Baltimore officials are putting off a decision on a replacement for 1st Mariner Arena, despite having four proposals from developers in hand. The city says it still looking at how to pay for a new $300-million downtown arena; given the recent history of bad development deals around arenas, perhaps the city should step back and ask whether downtown Baltimore needs retail or hotels as part of the plan.One of the few major arena projects on the horizon is the replacement for Baltimore’s 1st Mariner Arena. For Baltimore residents, the arena is really a referendum on how they perceive their city: while there’s little chance the NBA or NHL will be moving to Baltimore any time soon, many want to build a major-league facility anyway: you never know what will come down the road later on.
Others want to see a more midscale facility, more suited for concerts, family events and higher-level minor-league sports. Those are the kind of events 1st Mariner Arena is currently attracting, and they’re the kind of events that help the current arena turn a profit.
Four developers submitted plans for a replacement 18,500-seats facility at the current arena site. All put the arena at the center of some mixed-use development; the extent and type of development depends on the plan (one plan includes a seven-screen movie theater, for instance, while another includes a hotel). Currently all proposals fall in the $300 million range and feature a major-league-scale arena.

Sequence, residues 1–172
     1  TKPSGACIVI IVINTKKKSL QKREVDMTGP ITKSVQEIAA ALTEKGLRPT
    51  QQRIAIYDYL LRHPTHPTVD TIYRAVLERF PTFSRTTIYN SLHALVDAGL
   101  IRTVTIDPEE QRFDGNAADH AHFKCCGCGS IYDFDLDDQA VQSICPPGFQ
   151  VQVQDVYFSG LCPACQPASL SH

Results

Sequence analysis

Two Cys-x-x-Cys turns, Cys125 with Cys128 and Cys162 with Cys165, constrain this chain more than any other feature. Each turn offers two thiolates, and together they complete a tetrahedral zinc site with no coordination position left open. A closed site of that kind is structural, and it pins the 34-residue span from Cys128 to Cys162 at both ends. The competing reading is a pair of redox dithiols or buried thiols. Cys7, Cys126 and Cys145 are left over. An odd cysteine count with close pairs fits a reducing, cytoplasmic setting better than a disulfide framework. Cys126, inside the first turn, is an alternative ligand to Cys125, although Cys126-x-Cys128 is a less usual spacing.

And all call for some sort of public assistance. Not a surprise: privately financed arenas are struggling.
But even in areas where public funding was available, development around the arena is lacking. Kansas City’s Sprint Arena is doing well, but the retail development in the downtown area has disappointed area residents. Similarly, Newark’s Prudential Center has failed to do much for the downtown area.
Right now Baltimore officials have put a hold on arena proposals. Part of the reason has to do with the economic times: financing such a project these days will be a challenge. But with the economic model pushed by all four developers not faring too well these days, the city may want to rethink exactly what it wants of out an arena and how to pay for it.